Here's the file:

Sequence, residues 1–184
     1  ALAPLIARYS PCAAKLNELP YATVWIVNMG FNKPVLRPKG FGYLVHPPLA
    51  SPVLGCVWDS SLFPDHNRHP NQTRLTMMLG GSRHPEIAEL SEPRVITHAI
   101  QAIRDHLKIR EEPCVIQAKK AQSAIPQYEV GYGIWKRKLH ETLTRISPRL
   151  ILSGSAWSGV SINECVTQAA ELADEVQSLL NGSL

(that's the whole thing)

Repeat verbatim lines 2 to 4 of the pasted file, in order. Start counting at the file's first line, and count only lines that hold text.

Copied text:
     1  ALAPLIARYS PCAAKLNELP YATVWIVNMG FNKPVLRPKG FGYLVHPPLA
    51  SPVLGCVWDS SLFPDHNRHP NQTRLTMMLG GSRHPEIAEL SEPRVITHAI
   101  QAIRDHLKIR EEPCVIQAKK AQSAIPQYEV GYGIWKRKLH ETLTRISPRL